Laing O’Rourke wins £123m sewage works upgrade contract in UK

WCN Editorial Team 4 Aug 2020 EUROPE ENERGY & UTILITIES

Laing O’Rourke has secured a £123m contract from Thames Water to conduct sewage upgrade work in Beckton, UK.

The three-year upgrade, which forms part of Thames Water’s AMP7 schedule, is expected to begin early next year. As part of the contract, Laing O’Rourke will build a completely new inlet works and will extend aeration lanes and settlement tanks.

Considered to be one of the largest sewage treatment works in Europe, Beckton is also being prepared to receive wastewater from the new 25km ‘super sewer’ Thames Tideway Tunnel, under the River Thames, which is due for completion by 2024.

Thames Water capital delivery director John Bentley said: “Awarding this contract is a significant milestone as it is the first major project awarded as part of our £5 billion capital investment plan for the next five years.

“By ensuring we can take the flow from the ‘super sewer’, this project will help to improve the quality of the River Thames, as well as making sure the site is ready to handle the expected increase in London’s population in the future.”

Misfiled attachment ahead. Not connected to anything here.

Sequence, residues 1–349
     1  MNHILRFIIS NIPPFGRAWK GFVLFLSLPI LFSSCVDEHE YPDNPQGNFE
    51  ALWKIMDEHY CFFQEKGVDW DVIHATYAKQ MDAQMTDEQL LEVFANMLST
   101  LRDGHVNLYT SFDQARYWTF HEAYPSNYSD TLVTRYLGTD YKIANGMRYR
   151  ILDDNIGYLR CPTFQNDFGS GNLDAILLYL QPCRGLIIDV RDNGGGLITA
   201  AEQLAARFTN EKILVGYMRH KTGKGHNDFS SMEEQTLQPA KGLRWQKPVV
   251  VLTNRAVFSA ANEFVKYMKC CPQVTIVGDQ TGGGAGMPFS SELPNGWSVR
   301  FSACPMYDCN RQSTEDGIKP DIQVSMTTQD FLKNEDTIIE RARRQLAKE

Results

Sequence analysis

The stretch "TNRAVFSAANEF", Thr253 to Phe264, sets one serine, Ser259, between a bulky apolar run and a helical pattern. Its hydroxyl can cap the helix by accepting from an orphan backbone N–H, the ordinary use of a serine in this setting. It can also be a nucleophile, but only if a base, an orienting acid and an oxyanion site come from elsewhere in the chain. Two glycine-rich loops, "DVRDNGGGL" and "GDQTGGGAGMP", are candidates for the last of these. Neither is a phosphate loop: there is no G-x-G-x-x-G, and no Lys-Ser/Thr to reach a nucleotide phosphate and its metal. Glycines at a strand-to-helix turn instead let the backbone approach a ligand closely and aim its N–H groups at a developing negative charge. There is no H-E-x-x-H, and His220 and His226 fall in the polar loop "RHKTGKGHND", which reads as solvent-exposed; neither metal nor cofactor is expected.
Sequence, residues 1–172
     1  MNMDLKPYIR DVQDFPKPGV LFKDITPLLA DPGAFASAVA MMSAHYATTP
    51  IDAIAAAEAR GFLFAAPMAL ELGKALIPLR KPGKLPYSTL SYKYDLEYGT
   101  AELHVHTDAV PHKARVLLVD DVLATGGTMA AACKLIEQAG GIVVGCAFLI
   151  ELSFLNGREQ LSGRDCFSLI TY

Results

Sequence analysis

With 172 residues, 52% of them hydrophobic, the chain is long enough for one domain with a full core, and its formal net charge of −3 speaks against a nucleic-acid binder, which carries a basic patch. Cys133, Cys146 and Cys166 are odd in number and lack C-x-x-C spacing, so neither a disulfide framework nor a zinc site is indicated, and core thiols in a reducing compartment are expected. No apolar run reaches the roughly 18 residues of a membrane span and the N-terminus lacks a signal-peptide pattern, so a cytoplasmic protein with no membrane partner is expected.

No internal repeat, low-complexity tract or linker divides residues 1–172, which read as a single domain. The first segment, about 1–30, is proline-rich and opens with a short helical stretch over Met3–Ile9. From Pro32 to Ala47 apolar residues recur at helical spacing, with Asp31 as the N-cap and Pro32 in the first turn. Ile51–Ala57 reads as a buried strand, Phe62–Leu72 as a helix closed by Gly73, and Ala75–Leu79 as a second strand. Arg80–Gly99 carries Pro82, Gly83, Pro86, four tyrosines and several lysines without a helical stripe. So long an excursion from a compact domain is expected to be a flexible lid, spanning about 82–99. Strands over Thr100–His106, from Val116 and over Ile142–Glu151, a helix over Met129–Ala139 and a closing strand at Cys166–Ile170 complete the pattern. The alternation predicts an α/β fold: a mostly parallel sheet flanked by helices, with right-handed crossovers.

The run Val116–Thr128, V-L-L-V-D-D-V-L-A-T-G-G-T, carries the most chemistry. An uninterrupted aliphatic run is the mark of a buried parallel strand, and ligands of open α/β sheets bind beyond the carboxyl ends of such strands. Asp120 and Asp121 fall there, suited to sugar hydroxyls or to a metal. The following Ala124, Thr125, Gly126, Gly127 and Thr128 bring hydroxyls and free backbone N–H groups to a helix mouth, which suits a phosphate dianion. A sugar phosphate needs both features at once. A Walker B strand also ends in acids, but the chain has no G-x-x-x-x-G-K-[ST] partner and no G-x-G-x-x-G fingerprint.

The new project is expected to create about 30 local jobs and is part of a 25-year investment plan to ensure that the site meets the best environmental standards.

Laing O’Rourke UK infrastructure head Declan McGeeney said: “Six years ago, we delivered a substantial upgrade to Beckton and we’re delighted Thames Water has trusted us to return. The project will maximise the use of digital engineering and off-site manufacture, with every detail of the works being built virtually before the real thing.

“Many of the tanks, such as the walls of the new activated sludge plant, will be built at our factory in Nottinghamshire before being transported for assembly on site. These modern methods of construction help us to deliver six months faster than traditional methods would allow.”

The utility has also announced that it is working with the Mayor of London on an infrastructure package to help kickstart the economic recovery from the Covid-19 crisis.


Aerial view of Beckton Sewage Treatment Works (Credit: Thames Water Utilities Limited.)

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